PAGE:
After four years, the U.S. will see mandatory genetic engineering labeling for food.

After four years, Jan. 1, 2022, brings not just a new year, but a new set of regulations to U.S. food and agriculture: mandatory genetic engineered (GE) labeling.

These new standards, outlined first by the Obama administration, requires food manufacturers, importers and other entities that label foods for retail sale to disclose information about genetically engineered food and food ingredients. According to the American Society of Animal Science, the establishment and implementation of the new standards are required by an amendment to the Agricultural Marketing Act of 1946.

Why Now?

While GE ingredients have been around since the 1990s, there haven’t been any clear food labeling regulations set out for them prior to the introduction of the amendment in 2018. Why?

According to the Center of Food Safety, 20 years ago, the Food and Drug Administration (FDA) decided GE foods didn’t need to be labeled differently due to the fact they were not “materially” different from food.

“The FDA issued a policy statement in 1992 that limited what it considered ‘material’ to only changes in food that could be noted by taste, smell or other senses,” the Center for Food Safety says. “Since GE foods can’t be ‘sensed’ in this way, FDA declared them to be substantially equivalent to conventionally produced foods.”

And thus, no labeling was required for these designated GE ingredients.

However, in 2019, a survey by Pew Research Center revealed that the general American public had mixed reviews about GE ingredients and their implications for society. The survey reported that about half of U.S. adults think GE foods were worse for health than non-GE goods, but most think GMOs are likely to improve global food supply.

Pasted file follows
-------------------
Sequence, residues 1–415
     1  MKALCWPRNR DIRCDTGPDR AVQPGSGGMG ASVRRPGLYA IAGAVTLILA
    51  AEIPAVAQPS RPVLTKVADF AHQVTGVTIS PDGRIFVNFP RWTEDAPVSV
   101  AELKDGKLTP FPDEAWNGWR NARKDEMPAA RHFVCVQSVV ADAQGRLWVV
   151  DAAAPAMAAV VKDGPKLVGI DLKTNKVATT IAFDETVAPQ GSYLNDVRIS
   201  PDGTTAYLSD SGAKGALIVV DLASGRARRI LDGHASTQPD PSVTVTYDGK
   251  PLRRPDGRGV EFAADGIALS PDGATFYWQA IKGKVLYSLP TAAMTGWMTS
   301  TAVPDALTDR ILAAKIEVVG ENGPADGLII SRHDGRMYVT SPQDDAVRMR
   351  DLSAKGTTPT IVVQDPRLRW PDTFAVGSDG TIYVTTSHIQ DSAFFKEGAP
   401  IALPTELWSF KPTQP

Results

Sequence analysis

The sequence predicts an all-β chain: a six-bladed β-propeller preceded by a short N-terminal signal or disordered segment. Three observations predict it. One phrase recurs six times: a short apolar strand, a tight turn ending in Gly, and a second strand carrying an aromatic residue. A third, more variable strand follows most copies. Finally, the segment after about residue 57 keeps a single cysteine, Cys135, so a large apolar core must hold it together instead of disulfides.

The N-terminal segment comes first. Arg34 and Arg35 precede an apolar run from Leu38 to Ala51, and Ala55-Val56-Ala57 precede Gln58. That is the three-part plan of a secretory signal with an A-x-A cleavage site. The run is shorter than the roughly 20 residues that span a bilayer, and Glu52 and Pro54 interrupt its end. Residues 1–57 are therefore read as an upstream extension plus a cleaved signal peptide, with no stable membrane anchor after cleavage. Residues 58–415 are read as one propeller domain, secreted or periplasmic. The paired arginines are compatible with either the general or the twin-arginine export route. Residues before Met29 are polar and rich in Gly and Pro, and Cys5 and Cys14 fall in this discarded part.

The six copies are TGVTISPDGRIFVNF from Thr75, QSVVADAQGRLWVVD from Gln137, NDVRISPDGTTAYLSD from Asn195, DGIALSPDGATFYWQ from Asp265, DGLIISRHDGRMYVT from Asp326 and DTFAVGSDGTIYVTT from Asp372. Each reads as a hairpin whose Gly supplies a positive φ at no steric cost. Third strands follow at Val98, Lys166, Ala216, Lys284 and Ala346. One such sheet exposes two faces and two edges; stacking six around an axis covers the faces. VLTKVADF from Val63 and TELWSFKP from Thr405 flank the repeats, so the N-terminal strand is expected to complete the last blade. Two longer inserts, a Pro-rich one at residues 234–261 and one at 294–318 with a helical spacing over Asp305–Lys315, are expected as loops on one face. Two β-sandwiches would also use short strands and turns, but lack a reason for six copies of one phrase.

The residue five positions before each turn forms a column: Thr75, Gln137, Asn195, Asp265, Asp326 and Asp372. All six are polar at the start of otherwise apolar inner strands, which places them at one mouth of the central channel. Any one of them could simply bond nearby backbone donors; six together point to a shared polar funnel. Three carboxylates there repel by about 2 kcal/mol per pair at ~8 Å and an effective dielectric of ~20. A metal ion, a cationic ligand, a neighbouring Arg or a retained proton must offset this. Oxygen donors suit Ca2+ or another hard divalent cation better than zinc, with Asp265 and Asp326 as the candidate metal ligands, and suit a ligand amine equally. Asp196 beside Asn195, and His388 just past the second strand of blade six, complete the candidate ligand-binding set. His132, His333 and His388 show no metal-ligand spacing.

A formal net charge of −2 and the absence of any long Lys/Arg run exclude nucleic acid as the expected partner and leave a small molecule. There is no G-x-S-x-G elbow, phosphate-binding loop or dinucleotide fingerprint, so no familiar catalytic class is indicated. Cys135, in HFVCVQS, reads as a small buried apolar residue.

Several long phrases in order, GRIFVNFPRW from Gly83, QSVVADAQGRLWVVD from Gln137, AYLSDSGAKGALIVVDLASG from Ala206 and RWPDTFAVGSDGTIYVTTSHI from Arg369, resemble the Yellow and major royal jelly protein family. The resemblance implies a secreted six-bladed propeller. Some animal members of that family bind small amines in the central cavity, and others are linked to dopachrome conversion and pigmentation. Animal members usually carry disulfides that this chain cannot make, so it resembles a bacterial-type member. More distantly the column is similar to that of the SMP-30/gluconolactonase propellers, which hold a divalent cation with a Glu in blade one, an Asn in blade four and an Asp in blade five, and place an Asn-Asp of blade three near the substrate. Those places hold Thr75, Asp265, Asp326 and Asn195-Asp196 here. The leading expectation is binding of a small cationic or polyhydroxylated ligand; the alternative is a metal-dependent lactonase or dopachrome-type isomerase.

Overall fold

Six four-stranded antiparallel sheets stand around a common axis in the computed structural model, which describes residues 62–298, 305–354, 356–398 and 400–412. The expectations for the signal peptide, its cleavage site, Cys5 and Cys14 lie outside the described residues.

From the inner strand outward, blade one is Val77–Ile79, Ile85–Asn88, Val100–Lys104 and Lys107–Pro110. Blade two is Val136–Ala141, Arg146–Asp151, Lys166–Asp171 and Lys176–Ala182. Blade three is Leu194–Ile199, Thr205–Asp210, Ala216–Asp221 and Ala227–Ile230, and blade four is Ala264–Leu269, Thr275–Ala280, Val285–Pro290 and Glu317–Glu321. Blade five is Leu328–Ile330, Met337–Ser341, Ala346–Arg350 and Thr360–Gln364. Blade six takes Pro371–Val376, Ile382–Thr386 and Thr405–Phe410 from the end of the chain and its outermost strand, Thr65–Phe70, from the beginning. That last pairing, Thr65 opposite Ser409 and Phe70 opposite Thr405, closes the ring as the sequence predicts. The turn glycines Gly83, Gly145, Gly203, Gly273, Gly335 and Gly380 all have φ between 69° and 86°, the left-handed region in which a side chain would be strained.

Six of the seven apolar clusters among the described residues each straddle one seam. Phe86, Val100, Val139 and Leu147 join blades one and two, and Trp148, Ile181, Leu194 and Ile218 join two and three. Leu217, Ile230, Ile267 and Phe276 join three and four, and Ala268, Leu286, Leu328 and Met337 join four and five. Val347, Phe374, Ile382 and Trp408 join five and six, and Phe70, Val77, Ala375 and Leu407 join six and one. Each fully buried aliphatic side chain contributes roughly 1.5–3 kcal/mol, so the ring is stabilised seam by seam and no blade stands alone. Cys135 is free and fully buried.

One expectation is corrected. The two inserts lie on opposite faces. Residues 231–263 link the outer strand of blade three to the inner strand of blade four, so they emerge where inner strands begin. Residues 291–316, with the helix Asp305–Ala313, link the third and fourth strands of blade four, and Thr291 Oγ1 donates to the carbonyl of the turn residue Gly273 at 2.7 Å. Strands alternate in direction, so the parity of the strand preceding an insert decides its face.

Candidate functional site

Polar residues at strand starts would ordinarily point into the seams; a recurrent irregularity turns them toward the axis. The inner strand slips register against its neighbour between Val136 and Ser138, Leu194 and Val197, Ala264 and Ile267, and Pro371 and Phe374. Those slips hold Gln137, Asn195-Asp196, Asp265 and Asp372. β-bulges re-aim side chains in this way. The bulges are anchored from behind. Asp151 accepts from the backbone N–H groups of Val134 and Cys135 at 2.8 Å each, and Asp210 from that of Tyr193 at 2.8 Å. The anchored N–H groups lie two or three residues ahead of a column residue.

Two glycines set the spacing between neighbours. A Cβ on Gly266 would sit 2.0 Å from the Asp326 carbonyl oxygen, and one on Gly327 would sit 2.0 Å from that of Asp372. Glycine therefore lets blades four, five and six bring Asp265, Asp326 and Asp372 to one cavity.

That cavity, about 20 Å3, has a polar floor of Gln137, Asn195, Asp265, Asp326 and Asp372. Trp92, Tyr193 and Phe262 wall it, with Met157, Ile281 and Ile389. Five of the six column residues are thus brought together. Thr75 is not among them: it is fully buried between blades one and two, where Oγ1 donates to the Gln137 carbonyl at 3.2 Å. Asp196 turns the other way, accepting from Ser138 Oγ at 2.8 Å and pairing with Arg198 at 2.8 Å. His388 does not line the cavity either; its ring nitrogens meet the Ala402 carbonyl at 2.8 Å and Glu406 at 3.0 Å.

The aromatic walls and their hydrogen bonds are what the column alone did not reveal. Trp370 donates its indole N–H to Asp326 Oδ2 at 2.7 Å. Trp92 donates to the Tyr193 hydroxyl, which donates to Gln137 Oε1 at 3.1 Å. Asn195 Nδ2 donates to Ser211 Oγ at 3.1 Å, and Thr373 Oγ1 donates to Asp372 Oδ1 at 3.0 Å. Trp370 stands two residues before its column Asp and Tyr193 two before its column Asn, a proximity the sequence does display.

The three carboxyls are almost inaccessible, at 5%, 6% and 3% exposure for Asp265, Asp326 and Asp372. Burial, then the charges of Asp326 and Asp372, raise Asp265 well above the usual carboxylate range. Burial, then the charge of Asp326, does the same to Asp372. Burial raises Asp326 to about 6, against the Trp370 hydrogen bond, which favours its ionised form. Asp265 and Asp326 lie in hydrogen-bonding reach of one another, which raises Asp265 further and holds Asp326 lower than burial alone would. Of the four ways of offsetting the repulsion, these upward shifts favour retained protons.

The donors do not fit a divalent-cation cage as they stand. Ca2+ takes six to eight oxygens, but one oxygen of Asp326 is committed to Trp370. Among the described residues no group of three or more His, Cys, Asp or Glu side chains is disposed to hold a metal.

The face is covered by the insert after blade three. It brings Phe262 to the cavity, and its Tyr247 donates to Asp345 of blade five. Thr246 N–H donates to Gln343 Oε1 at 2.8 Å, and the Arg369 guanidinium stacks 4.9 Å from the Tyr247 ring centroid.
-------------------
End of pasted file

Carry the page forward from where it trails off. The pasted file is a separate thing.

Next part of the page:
While genetic engineering continues to improve and change, the USDA decided to adopt GE labeling as a part of the national bioengineered food disclosure standard in 2018. For a better understanding of what should be labeled, the USDA says some examples are: alfalfa, arctic apple varieties, canola, corn, cotton, BARI Bt Begun eggplant varieties, ringspot virus-resistant papaya varieties, pink flesh pineapple varieties, potatoes, soybean, summer squash and sugar beet.

What are the Requirements?

While the implementation date of the Standard was Jan. 1, 2020, the mandatory compliance date is Jan. 1, 2022. Food manufacturers, importers and certain retailers are required to ensure the GE foods listed above are appropriately disclosed.

Regulated entities can disclose these via text, a symbol, electronic or digital link. In addition, there are two USDA symbols created to showcase GE foods — one that specifically says a product is bioengineered, and one that mentions a product is derived from bioengineering.

Jayson Lusk, head of Purdue University’s Agricultural Economics department, says in addition, companies can also use QR codes to disclose the presence of ingredients.

“Companies can even just list the product name and put in parentheses the disclosure,” Lusk says. “How manufacturers and retailers choose to label is probably going to determine a lot of how consumers respond and react to it.”

However, Lusk notes that these labeling requirements empower consumers to make choices, and as an industry, that provides education opportunity.

“As an educator, we need to do the best we can to help consumers make choices with the best information,” he says. “QR codes can be used to disclose GE ingredients, and it provides opportunity to provide additional information.”

In this instance, Lusk believes coming out as a company and saying “We’re using GE ingredients and we’re proud” could be beneficial to get out more positive messages about genetic engineering.

“Labeling proactively as a promotional device can provide a lot of positive messages that can continue to educate consumers,” Lusk says.